Re-potting:  A Christmas Cactus blooms better if slightly pot-bound, so re-pot only when needed every 3-4 years.  Re-pot the plant into a slightly bigger pot in the spring when it is not in bloom.

Propagation:  Propagating Christmas cactus is easy. Cut a y-shaped segment off the tip of the plant, this cutting should have 2-3 joined segments.  Allow the cutting to dry for a few hours and then plant it in moist peat & sand soil mix, insert about a quarter of its length below the soil surface. Place it in a well-lit area, avoid direct sunlight and water it sparingly to prevent rotting.  In two or three weeks the cutting should show signs of growth at the tips of its leaves, these are usually reddish in color. Once it has rooted transplant it into a pot.

submitted by Carlotta Lucas


Horticulture Report: January 2013

Indoor Palms

By Gena Goddard

Of the 200 or so palm species only a few are able to be grown indoors where the climate is so challenging for any plant.  The palm has to adapt to low light, extra dry air, drafts, and being in a confined space. It also should be a slow grower so it stays house size.  The following 3 palms have been selected because they are suited for indoor growing and they are commonly sold.

Rhapis excelsa "Lady Palm"

Rhapis excelsa “Lady Palm”

The first is “Lady Palm”, Rhapis excelsa. It grows 6-8ft tall and makes a clump of brown hairy stems with dark green glossy leaves.  It grows slowly from underground rhizomes.  The leaflets are palmate like “a lady’s hand” and the leaf ends are saw-toothed unlike most palms.

Chamaedorea elegans "Parlor Palm"

Chamaedorea elegans “Parlor Palm”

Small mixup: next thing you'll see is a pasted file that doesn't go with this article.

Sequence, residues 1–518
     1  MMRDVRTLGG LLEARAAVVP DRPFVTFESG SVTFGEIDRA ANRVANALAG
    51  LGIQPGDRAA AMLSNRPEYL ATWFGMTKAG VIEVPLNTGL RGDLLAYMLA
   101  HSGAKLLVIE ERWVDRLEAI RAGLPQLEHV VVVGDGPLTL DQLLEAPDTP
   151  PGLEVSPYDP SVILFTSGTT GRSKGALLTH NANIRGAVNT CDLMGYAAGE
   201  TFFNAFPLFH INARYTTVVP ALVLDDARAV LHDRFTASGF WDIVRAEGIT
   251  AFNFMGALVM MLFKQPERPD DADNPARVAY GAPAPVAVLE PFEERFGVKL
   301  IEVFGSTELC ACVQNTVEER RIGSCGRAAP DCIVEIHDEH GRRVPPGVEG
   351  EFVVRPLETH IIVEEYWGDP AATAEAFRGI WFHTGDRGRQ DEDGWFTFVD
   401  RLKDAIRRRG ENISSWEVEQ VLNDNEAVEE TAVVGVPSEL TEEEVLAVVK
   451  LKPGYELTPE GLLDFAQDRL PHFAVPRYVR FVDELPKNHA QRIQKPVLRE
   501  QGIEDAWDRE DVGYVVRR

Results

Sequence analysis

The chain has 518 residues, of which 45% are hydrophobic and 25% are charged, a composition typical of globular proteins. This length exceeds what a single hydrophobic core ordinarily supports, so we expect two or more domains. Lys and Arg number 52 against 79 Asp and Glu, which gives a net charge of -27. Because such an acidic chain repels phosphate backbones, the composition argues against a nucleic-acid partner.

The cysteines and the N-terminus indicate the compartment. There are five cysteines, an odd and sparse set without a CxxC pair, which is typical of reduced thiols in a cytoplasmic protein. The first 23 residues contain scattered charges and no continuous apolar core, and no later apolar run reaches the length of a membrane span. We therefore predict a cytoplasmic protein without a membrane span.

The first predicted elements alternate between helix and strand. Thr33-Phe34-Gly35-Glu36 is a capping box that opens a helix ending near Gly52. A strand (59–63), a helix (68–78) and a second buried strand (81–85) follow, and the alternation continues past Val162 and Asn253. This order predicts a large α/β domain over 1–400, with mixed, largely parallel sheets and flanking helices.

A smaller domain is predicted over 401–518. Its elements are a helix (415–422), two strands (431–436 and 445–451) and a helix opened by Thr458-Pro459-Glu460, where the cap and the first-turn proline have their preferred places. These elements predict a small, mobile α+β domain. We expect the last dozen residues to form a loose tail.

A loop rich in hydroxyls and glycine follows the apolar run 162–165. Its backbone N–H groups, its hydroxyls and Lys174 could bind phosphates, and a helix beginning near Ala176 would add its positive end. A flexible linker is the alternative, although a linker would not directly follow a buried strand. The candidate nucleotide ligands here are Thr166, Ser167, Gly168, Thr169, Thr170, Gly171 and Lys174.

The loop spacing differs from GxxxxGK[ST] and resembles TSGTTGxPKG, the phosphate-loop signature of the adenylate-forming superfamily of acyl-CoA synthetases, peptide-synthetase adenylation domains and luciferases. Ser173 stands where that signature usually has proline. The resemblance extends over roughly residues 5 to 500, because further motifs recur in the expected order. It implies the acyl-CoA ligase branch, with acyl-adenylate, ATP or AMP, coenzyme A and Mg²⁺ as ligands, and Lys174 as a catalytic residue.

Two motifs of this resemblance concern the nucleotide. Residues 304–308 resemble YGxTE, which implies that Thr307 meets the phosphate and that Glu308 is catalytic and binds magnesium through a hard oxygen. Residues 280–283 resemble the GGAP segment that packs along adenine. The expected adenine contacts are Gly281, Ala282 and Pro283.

The second is the “Parlor Palm” Chamaedorea elegans. It is the palm seen in Victorian homes in the movies. It is a slow grower, growing to 6-7’. It tolerates low levels of humidity and light, though it prefers medium to high humidity and brightindirect light.

Howeia forsteriana "Kentia Palm"

Howeia forsteriana “Kentia Palm”

The third is the Kentia, sentry or thatch palm Howea forsteriana. It is a slow grower eventually growing to about 10’ tall. Like the others it tolerates indirect light but needs good drainage.


I have three Lady Palms which I take outside in a shady place on my deck when the last frost is past, white in our USDA Zone 7B is sometime in late May. Palms can stay outdoors until threatened by  frost in Oct/Nov.  Before bringing them indoors, prepare them for their winter home by clipping off dead leaves and spraying them off a few times with a strong blast from a hose and inspecting leaves for insects.  Inspect all leaves very carefully for any bugs and if you see any spray plant with Safer pest control before bring plants indoors.  Place our palms indoors next to the big south facing sunny window and cover any furnace vent openings located close to them with a piece of carpet. They may suffer some indoors during the winter, but they survive so they can thrive and grow next year on my deck.

There are two things I have learned about palms:

1) They do not like to get too dry, so when the soil is dry down to about an inch I water them thoroughly.

2) You can’t prune palms to make them shorter. They only grow from the ends and once that is damaged the whole stem dies. This also means if they get too tall for their space you must give them away, or find a place indoors with more height.